Tiffin Project

“The Apple Pushers” – A Farm to Cart Event

by Hunter Moyes on November 14, 2012

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Late last week I had the pleasure of seeing a documentary at The Ridge Theater up on Arbutus, care of a team of organizations who make up part of the usual suspects in Vancouver’s food security scene. Farm Folk City Folk, whose history and members make up a few of the pillars of this scene – combining with The World In A Garden, came together for the second in a series of events that you should be more aware of. Vancity – just in case you didn’t already wonder or guess – also plays a supporting role behind the scenes, in order to make these events happen. Each of these events has been, and will be, themed – the theme of last week’s: apples.

A documentary was screened called “The Apple Pushers” – a film about New York’s Green Cart initiative to bring affordable local fruits and vegetables to the city’s poorer neighbourhoods – which have been characteristically dominated by fast food and other less-than sustaining ghetto dietary crutches.


On the surface, the film touched on the lives of a handful of immigrants with challengingly colourful pasts, and how they’ve had to “turn the other cheek” in order to become members of a positive food movement in New York. In depth, the film pointed to the troublesome state of North America’s food system, as well how income inequality affects diets. Of course it touched on obesity, which is being considered an epidemic now in the United States of America – without even touching more than momentarily on the social costs of improper nutrition or the current healthcare debacle that Canada’s Southern neighbour is engaged in. I’d watch it again.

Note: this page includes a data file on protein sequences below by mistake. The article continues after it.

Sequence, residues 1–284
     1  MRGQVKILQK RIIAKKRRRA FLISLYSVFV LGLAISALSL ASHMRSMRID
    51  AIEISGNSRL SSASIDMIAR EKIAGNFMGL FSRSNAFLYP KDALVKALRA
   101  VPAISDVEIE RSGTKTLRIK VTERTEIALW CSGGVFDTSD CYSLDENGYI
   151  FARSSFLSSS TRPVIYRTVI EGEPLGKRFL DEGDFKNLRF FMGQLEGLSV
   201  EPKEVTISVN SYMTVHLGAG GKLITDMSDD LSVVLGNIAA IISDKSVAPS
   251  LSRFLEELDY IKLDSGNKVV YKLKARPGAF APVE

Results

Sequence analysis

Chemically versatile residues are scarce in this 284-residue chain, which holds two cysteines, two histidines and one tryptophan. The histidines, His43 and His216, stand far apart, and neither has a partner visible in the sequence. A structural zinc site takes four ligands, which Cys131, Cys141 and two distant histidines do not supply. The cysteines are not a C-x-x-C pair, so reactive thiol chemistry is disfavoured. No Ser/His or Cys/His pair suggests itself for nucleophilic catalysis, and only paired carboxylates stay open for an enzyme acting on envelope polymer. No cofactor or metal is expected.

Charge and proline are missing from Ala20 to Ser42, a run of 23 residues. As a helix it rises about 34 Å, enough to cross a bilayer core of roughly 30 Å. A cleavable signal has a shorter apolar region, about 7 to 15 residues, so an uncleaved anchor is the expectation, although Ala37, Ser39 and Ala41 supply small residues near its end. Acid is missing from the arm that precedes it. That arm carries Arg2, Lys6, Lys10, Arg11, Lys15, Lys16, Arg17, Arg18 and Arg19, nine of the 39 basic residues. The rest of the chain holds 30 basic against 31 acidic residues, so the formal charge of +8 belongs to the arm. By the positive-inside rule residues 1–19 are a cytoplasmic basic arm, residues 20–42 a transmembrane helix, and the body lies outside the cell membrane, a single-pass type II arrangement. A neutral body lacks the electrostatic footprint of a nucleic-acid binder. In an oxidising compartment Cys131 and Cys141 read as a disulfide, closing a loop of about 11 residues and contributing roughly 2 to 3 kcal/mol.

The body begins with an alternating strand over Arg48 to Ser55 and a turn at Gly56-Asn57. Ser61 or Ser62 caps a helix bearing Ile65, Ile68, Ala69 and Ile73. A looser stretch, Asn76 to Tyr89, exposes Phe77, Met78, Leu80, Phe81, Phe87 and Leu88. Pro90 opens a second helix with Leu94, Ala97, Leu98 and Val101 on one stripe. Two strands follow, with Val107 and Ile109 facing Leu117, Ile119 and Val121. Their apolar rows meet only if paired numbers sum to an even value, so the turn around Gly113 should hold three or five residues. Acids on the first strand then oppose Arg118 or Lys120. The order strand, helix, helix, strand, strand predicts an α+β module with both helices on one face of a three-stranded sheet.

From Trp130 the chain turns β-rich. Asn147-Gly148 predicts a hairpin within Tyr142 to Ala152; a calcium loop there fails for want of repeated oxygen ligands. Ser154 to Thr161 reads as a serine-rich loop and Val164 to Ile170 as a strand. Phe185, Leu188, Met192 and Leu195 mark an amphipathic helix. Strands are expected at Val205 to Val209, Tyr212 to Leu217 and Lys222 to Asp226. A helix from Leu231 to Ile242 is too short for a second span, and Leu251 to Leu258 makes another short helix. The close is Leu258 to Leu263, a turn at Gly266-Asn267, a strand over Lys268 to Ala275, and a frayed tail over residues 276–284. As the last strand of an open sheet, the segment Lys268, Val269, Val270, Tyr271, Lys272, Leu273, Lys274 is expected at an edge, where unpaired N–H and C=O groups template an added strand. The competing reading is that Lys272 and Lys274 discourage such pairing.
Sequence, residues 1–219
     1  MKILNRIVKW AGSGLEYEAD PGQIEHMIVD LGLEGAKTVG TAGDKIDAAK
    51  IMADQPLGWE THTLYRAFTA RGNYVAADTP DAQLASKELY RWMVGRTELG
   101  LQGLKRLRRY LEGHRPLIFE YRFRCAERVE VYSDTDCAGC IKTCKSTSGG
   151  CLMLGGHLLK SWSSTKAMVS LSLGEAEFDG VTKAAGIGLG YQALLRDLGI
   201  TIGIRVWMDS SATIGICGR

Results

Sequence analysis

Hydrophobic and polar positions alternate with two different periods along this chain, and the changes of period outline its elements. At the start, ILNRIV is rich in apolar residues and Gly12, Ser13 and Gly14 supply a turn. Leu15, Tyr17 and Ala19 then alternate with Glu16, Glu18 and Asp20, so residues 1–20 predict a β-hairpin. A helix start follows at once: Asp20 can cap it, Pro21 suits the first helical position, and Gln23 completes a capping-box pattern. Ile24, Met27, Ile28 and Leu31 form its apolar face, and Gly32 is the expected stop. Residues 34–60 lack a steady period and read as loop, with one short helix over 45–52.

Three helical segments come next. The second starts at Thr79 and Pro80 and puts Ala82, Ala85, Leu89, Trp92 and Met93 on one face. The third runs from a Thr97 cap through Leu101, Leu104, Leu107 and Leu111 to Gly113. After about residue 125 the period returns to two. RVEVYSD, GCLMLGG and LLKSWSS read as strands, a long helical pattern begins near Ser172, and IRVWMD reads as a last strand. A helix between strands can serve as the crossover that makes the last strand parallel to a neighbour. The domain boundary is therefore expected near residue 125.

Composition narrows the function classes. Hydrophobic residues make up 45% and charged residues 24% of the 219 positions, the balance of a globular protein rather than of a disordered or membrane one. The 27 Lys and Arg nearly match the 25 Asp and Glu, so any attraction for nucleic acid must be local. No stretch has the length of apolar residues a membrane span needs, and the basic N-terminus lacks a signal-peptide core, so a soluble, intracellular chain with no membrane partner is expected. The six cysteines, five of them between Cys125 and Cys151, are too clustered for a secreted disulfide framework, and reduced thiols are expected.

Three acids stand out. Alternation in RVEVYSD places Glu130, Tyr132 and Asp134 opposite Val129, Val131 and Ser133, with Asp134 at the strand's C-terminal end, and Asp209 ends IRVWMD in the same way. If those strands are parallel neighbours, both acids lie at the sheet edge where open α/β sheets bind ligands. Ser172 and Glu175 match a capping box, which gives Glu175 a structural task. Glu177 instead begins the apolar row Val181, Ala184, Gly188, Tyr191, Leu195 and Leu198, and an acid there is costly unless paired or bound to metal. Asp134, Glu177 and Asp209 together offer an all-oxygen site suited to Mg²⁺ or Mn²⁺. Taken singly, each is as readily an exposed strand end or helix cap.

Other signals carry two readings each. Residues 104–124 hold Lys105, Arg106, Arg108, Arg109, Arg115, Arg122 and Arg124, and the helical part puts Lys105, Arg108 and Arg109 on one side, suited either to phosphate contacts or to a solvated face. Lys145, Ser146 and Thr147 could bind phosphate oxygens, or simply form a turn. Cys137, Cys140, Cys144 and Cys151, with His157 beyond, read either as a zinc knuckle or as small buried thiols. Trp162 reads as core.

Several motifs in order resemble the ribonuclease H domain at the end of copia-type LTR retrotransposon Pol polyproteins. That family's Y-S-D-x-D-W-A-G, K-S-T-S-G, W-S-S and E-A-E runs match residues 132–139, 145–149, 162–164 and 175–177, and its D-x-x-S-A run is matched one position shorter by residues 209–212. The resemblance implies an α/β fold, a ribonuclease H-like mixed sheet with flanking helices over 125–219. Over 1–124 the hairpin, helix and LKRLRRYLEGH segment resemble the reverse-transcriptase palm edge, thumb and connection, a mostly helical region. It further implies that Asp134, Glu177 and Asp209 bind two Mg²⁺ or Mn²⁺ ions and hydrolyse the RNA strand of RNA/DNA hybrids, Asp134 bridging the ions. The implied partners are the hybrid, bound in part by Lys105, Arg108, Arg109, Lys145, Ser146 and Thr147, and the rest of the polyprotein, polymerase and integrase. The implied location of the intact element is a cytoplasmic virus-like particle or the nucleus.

Without over-reliance on statistics, telling the story of New York’s “Green Cart Initiative” via stories from its trench-level workers – The Apple Pushers succeeds in painting a picture of America’s “food deserts”. A food desert, as the documentary explains, is a place in a developed society where very few options for sustenance are available.

The examples that the film gives exist in New York City. Apparently -23,500,000 people in America live outside of a mile of a supermarket where they can get fruits and vegetables. “Food deserts” exist, in large numbers. But, where these deserts exist, opportunity also exists – as The Apple Pushers points out.

The “Green Cart Initiative” in New York City endeavours to change the landscape of the city’s food deserts by permitting “micro-entrepreneurs” (as the film calls them) to sell fresh fruits and vegetables in areas that otherwise would only be able to offer unhealthy antipodes. I’d welcome the focal characters of The Apple Pushers in my neighbourhood any time, and I’d recommend the film.

I’d also recommend following the path that Farm Folk City Folk has committed to continuing in the local food community. These events are worth the price of admission. The World In A Garden is also something you should poke your head into – an urban farm initiative that’s paying dividends to those investing in it. These events are just starting to earn steam too! Happy Planet was there serving cups of its new soups. Earnest Ice Cream was giving up ample samples on top of that, and a couple fine food carts pumped short orders into The Ridge Theater just to make sure that no one starved. The whole thing was well-organized and fun. Obviously – read my Bio – I’m a sucker for this sort of thing, but I think that anyone could have a good time at these events. I’ll be looking forward to “Farm To Cart” events from now on.

All that said – I must say that my heart goes out to those in New York right now. I wish them good luck in the years ahead, swift aid unto them in their time of need, and only the best for the future.

~ HM

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